Tiwi Bark Painting
Attributed to Pulanimbuli
Tiwi, Melville or Bathurst Island OR Kunwinku, Injalak
Eucalyptus bark and black and white ochre
Researched and written by Courtney Erickson, Tim Dodson, and Michael Watson, Western Albemarle High School Advanced Placement Art History Course, led by Kelly Burnette, Young Art Historians Program
This painting depicts an interaction between the Tiwi people of Melville and Bathurst Islands and a group of foreigners. In the upper right hand corner, there is a ship with two masts. There are two sails on the left mast and one sail on right mast. To the left of the ship, there are smaller ships that may be launching from the larger vessel. Approaching the ships are three figures carrying spears. In the lower left hand corner, there is a large figure with an oval head and a protruding belly, with arms raised and knees bent. To the right of the figure, there is a variety of sea life, namely dugong, turtles, eels, and a shark. Above the marine animals there are four dead frog-like bodies floating in the water. Lush, fern-like vegetation borders the left and bottom sides of the painting. The ochres are unstable and there is some severe paint loss. The white pigment is now tannish-brown, perhaps due to aging, and the plane of the bark is warped.
Professor Edward L. Ruhe purchased this painting from Geoffrey Spence in 1968. The records associated with Ruhe’s acquisition of a number of works from Spence at this time indicate that this work was created in 1964.
There are two possible identities for the large figure in the foreground. The first is that it is Luma Luma, which was suggested by Dr. Judith Ryan. She suggests that the painting could have been made by a Kunwinjku artist rather than a Tiwi artist. In Kunwinku culture, Luma Luma is represented as a cultural hero, but was also known for stealing men’s wives. He is said to have travelled from Indonesia to many regions of Australia, where he was attacked by local tribesmen as an unknown stranger. He then taught them dances and painting styles associated with each man’s ancestral country. He is also described as being a giant, meaning physically large in size. Because the figure is larger than all of the others, and because his body paint designs are similar to other Tiwi designs, it is possible that the large figure in the foreground is Luma Luma. In the middle ground there are people with spears that seem to be attacking the invaders, or what could be Luma Luma’s travelling companions. The ship in the background also looks similar to a prau sailboat, which is common for the area of Indonesia that Luma Luma is supposed to have originated from.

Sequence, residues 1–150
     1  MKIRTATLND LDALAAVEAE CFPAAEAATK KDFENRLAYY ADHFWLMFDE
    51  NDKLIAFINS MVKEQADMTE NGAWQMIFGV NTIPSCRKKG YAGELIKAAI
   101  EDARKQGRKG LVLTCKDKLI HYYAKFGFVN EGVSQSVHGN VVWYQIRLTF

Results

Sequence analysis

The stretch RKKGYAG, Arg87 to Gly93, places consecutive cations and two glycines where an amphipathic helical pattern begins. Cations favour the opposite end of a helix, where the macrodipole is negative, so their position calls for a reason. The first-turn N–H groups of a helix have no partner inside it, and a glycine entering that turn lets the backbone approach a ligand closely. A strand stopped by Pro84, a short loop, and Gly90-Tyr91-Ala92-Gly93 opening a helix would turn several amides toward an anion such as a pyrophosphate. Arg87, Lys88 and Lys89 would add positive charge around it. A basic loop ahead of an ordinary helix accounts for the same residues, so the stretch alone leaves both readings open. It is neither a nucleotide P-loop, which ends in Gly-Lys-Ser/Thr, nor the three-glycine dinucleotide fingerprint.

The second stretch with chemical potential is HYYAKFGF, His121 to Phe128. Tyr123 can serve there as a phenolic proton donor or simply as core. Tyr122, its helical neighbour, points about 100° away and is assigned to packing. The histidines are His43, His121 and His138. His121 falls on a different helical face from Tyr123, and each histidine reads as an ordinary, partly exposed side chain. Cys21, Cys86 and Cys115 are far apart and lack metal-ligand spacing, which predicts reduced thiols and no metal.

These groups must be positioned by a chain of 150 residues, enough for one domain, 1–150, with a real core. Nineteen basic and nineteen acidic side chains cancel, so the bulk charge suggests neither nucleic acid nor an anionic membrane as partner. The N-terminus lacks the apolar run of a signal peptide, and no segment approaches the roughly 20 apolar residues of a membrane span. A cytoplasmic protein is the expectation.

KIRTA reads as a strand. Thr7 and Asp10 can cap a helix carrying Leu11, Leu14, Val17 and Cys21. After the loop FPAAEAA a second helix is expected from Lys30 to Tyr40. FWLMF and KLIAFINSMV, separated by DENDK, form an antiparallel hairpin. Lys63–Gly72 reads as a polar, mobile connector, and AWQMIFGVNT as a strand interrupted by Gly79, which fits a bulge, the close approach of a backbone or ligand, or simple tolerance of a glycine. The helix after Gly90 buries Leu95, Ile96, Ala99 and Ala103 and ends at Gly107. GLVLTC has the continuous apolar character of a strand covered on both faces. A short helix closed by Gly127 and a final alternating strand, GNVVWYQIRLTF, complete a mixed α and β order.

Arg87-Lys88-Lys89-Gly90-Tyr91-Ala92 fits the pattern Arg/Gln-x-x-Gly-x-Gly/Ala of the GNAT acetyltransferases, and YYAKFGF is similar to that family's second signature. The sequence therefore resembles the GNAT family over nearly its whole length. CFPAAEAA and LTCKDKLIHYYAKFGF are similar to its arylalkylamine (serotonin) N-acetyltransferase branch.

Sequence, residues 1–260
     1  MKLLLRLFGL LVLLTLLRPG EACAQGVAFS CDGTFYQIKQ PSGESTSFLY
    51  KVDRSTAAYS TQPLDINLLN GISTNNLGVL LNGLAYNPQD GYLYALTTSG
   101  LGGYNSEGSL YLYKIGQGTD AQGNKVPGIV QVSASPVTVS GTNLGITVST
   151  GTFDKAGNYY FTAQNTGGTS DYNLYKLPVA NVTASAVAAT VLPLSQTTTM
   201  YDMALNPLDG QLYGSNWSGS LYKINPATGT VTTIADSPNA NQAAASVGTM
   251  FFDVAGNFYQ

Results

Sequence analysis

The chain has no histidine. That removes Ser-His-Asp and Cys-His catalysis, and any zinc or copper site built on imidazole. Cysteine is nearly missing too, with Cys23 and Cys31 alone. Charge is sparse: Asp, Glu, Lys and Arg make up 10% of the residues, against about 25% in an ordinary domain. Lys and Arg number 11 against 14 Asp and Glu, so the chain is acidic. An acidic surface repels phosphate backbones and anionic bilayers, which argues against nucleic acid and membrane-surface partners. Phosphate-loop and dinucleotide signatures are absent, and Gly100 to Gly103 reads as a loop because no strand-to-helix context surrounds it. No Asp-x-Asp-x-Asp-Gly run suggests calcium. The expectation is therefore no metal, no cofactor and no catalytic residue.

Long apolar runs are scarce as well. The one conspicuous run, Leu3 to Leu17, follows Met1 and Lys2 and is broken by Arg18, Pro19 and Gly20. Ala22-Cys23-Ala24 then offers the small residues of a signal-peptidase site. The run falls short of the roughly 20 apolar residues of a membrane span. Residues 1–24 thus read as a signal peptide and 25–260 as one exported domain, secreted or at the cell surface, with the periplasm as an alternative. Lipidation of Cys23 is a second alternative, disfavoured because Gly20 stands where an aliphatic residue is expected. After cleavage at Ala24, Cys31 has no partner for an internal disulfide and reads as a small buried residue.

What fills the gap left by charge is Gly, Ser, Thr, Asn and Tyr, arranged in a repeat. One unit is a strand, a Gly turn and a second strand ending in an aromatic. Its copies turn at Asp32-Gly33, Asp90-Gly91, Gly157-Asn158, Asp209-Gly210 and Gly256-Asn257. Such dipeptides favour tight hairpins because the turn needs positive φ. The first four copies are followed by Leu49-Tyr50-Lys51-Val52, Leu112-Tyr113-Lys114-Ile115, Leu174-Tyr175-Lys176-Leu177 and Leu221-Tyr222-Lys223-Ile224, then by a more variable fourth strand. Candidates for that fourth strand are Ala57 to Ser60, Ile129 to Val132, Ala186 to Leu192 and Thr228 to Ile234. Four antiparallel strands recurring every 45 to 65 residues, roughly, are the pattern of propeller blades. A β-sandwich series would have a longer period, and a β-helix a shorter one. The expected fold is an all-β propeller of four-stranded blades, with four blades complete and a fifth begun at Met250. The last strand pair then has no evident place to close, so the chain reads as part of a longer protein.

An alternate theory is that the larger figure in this work is Jirakupai, an ancestral being in Tiwi culture. Jirakupai lived near a lagoon on Bathurst Island, and the lush vegetation on the left and bottom sides of the painting may be indicative of a lagoon environment, establishing a geographic connection to Jirakupai. Jirakupai is known as the creator of barbed spears, which had gender associations depending on the placement of the barbs. Male spears had barbs on one side, while female spears had barbs on both sides. The figures in the painting appear to be carrying male spears to fight against a group of invaders. The spears also resemble tunkalinta spears, which are associated with the Pukamani mortuary ceremony. In this case the spears may relate to the dead frog-like bodies rather than indicating some kind of attack. According to the story, Jirakupai was killed by raiders from neighboring Melville Island. The large ship in the painting may be the one that carried the raiders. However, it resembles a prau sailboat, which is most often associated with the Macassan people of Indonesia and would therefore be anachronous with the story of Jirakupai. It is also possible that the painting represents a situation in which perhaps Jirakupai is protecting the Tiwi people from Macassan traders and is arming the Tiwi people with spears.
Since both theories about the identity of the large figure have evidence to the support them, no definite conclusion has been made.
Although the artist is listed as Pulanimbuli, this could not be verified. This name does not appear in other public collection databases and this seems to be the only known work by this artist. Additionally, in Geoffrey Spence’s original notes of the sale of this painting, the artist is listed as unknown.